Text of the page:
By David Minsky
By Nicole Danna
By Sara Ventiera
By Candace West
By Emily Dabau
By Doug Fairall
By Candace West
By Laine Doss
Even the six-week-old Laguna Grille, with its less-than-Italian appellation, was presented to me in this fashion. "What's it like?" I asked my in-laws. "Oh, you know," they said, "home-style Italian."
Truth is, Laguna Grille, located in Lakes Plaza on Indian Trace Road, is far from being just another family-oriented Italian restaurant. Sure, it used to be the site of Sal's Italian Ristorante, a chain establishment that saw more kids than most schoolteachers do. And, sure, owners Matt Lambert, Tim Rooney, and James Christmas (who is also the chef), didn't even touch the decor: faux-brick walls, big wooden booths with roof-tile overhangs, a pressed-tin ceiling, and glass-covered tables. Heck, they didn't even change the phone number.
But Laguna Grille is no pizza-party joint. Lambert and Christmas met at Max's Beach Place, a popular Dennis Max restaurant, where Lambert was general manager, Christmas a chef. What they learned there they've brought with them, because although Laguna Grille's menu is Italian-based, it's dressed up like a debutante. Even the New York-style pizzas, available in twelve- and sixteen-inch sizes, are decked with toppings like grilled chicken, sauteed shrimp, and goat cheese.
A homemade sausage pie was terrific, the thin, crisp crust accessorized by roasted peppers and tomatoes. It was properly presented by the wait staff, which introduces and explains each dish as it's set down. So instead of a "Yo, here's your caesar," which would suit your typical casual restaurant, our server said: "And this is our classic caesar salad with roasted-garlic dressing and a gorgonzola crouton." Despite reports that El Nino has virtually wiped out this year's romaine crop, the lettuce was fresh, sweet, and plentiful and cloaked in a rich, lemony dressing that hinted at anchovy. Our only complaint was the crouton, which was actually a large, toasted wedge of the focaccia bread that was also served at the beginning of the meal. Drizzled with blue cheese, the "crouton" was too big and solid to dismantle. Sticking with the focaccia is OK, but I'd suggest smaller chunks of bread.
We fared better with an herb crostini garnishing in a bowl of littleneck clams. Served in their shells, the clams were doused with white-wine sauce and accented by garlic and chunks of Roma tomatoes. A less traditional starter was the portobello mushroom stack, which looked more like a leaning tower of portobello. Fresh leaf-spinach, goat cheese, and roasted peppers were piled so high that even Rapunzel would have thought twice before suggesting that someone climb aboard, no matter how long her hair. A giant mushroom cap, glazed with balsamic vinegar, wobbled on top of the construction, which delighted us with its many textures and flavors.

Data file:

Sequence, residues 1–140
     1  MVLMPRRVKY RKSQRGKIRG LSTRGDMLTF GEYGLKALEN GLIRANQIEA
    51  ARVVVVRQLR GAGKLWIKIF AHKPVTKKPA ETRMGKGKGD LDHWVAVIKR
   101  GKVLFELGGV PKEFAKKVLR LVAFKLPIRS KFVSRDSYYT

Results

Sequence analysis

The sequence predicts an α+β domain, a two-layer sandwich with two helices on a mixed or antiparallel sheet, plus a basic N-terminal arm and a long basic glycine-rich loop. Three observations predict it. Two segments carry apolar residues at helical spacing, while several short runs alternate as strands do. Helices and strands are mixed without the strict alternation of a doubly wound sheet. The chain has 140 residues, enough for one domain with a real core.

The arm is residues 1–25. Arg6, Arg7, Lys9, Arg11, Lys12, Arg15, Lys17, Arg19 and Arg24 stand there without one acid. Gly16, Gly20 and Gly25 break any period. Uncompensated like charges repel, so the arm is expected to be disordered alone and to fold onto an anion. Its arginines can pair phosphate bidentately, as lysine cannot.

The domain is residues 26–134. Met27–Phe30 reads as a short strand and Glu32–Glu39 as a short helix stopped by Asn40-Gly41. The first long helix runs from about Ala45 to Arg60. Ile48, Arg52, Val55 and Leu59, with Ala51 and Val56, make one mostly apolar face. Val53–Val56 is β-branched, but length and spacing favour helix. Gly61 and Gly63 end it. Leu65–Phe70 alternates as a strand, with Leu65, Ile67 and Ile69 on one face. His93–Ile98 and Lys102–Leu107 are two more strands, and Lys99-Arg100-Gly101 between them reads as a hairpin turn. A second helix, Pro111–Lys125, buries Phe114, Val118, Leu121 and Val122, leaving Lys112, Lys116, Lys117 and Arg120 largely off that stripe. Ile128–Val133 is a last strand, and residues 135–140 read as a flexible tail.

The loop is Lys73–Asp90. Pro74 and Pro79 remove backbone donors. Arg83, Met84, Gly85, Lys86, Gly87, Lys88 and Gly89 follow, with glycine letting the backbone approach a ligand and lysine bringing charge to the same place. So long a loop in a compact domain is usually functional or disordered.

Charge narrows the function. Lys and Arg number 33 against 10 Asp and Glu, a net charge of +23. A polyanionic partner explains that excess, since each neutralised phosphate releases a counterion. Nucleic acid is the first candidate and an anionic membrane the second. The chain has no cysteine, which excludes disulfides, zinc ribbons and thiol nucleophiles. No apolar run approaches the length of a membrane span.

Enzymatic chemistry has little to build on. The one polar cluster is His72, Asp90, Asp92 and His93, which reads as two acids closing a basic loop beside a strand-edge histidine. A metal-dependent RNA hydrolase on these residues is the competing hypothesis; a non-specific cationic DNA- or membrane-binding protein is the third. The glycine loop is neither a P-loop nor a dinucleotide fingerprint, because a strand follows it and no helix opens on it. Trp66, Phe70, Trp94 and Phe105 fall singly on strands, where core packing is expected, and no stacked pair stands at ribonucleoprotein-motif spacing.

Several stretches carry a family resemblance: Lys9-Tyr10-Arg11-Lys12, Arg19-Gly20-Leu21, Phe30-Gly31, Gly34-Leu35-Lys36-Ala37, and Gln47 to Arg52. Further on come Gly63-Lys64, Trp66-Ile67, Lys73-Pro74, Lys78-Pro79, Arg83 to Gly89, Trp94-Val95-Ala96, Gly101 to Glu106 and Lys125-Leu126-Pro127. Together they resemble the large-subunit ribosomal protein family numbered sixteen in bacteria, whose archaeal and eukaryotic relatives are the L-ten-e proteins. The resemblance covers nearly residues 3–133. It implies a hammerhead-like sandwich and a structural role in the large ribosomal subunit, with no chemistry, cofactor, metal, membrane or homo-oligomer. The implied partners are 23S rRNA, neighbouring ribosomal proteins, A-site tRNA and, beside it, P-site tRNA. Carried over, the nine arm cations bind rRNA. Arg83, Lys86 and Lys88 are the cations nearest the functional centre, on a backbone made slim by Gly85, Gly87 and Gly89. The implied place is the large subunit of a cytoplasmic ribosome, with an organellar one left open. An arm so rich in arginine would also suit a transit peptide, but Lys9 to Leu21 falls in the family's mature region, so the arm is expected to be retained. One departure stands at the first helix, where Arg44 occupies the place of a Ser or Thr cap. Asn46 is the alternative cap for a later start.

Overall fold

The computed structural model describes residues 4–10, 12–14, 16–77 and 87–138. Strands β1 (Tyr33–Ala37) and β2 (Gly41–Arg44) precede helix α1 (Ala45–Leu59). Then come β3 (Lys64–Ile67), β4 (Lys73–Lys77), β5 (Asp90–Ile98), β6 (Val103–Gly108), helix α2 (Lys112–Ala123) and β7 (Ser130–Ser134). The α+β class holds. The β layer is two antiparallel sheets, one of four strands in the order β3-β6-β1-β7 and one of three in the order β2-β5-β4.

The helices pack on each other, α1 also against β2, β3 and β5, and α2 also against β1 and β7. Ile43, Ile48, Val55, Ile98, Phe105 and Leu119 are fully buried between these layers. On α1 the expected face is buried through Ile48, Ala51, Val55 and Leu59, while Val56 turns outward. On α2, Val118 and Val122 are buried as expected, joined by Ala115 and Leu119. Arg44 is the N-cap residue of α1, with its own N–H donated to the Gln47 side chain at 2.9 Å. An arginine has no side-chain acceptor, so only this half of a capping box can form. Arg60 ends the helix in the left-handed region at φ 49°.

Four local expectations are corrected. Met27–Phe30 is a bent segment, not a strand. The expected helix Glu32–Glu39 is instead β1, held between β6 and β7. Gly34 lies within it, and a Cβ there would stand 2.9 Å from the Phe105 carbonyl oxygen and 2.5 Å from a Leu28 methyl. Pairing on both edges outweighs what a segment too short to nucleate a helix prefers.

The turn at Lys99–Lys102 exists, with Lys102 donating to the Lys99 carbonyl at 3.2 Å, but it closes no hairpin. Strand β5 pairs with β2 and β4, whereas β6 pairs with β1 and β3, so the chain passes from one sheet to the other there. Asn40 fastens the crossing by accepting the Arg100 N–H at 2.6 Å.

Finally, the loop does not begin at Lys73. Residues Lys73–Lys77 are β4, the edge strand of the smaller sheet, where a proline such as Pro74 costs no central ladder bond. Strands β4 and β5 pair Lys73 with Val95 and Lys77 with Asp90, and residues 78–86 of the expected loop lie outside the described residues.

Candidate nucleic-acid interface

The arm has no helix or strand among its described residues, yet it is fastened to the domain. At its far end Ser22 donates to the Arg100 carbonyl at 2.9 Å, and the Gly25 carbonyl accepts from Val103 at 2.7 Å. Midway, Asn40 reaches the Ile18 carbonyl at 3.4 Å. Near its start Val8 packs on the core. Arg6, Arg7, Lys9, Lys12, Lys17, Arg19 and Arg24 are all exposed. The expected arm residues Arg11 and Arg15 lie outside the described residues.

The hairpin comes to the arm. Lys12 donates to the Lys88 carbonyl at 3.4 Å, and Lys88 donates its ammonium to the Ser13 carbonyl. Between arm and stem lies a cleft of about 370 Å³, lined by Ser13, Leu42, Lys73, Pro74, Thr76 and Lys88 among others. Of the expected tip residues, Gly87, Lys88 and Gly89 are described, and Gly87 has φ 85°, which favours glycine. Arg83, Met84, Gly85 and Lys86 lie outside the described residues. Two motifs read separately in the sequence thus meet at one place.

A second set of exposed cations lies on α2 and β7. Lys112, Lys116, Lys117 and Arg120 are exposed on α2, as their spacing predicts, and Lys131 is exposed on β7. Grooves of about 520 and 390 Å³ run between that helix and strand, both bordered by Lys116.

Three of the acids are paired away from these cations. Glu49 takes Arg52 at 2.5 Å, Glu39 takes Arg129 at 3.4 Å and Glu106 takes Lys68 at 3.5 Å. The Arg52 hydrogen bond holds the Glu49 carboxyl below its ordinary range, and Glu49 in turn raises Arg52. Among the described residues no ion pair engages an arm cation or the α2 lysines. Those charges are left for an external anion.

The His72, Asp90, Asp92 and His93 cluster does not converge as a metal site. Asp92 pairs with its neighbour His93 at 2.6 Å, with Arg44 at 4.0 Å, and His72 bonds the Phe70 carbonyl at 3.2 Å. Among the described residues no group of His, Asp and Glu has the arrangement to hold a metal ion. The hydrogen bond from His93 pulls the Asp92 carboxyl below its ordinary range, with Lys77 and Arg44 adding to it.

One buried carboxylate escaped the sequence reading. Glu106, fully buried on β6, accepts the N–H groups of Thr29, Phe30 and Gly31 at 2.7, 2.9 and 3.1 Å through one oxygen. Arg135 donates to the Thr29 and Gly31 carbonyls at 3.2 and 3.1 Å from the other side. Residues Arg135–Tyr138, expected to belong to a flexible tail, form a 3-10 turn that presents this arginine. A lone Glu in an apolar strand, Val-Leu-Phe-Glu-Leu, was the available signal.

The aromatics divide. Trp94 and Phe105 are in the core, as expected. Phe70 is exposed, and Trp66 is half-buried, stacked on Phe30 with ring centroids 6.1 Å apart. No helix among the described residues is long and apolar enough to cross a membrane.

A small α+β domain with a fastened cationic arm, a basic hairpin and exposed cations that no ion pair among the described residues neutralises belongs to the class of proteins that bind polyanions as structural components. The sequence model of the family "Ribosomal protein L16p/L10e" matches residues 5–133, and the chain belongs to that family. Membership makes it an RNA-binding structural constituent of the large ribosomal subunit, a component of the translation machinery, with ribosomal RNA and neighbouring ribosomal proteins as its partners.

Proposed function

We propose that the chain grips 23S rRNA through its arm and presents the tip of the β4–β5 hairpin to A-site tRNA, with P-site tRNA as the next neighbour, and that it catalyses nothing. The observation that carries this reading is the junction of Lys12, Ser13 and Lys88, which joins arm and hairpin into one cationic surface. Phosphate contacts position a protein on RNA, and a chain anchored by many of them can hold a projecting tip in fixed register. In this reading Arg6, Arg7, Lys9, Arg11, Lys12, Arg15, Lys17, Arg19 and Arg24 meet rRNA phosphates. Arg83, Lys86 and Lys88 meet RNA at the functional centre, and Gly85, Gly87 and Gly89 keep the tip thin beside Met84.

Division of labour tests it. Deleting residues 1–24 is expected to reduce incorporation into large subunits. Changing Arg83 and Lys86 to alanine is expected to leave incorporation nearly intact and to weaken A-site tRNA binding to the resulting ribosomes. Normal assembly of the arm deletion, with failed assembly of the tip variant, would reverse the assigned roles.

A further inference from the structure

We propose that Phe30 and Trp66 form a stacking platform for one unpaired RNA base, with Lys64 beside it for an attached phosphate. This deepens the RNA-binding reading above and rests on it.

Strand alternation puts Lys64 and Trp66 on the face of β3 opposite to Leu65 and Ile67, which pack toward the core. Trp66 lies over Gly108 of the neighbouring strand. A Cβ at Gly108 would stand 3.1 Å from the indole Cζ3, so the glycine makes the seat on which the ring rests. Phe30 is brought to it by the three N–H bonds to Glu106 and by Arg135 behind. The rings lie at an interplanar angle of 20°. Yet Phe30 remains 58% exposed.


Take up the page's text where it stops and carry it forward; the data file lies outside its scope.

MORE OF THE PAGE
Just about every chef has his or her favorite ingredients, and Christmas clearly likes combining balsamic vinegar and spinach. (Perhaps the red and green coloring has something to do with it.) He paired the two once again in a chicken-breast entree, which offered a grilled, boneless breast coated with the sweet, aged vinegar. Because sugars tend to burn on the grill, the poultry was a bit charred on the outside. But fresh spinach and a huge wave of sage-infused mashed potatoes propped up the chicken.
Quite a few main courses, including filet mignon wrapped with basil and pancetta and baked-veal meat loaf stuffed with roasted peppers, are accompanied by the fragrant potatoes. A veal chop offered a variation on the theme, with horseradish-flavored potatoes boosting the meat toward the ceiling. Christmas needs to offer a variety of starches. Sliced widthwise and stuffed with goat cheese and julienne sun-dried tomatoes, the veal chop in particular was filling enough without the mountain of spuds. A tangy red-wine sauce undercut some of the richness, which would have otherwise been overwhelming.
Veal is obviously a valued staple at Laguna Grille, even when it comes to pastas. The kitchen makes a veal-and-wild-mushroom Bolognese (meat sauce) and bakes it with penne. Meatballs, also composed of veal, are served over linguini with San Marzano marinara sauce. (San Marzano tomatoes are lauded in Italy as the best for pasta sauces.) I was more intrigued by the lasagna, a dish that usually features red meat. Here, boneless nuggets of roasted chicken were blended with mozzarella, ricotta, and Romano cheeses, which exploded from the curly noodles. Like gold in a stream bed, whole button mushrooms embellished the cheese, and a pomodoro (fresh tomato) sauce gave the baked pasta an edge.
Porcini pappardelle in an asparagus cream-reduction sounded about as fattening as the lasagna, but it was actually much lighter. Coated with a peppery cream sauce, the wide, wavy noodles were mixed with wild mushrooms and chopped pencil asparagus, which were a little lost. As a garnish on the main meat courses, however, the asparagus was fully appreciated. Grilled to a crackling finish, it also enlivened a swordfish main course, which didn't really need much help at all. The succulent, flat steak was dripping with juice as it lay atop citrus-spiked white rice. The rice was countered by a yin-yang of sauces -- red pepper on one side, lemon-thyme on the other.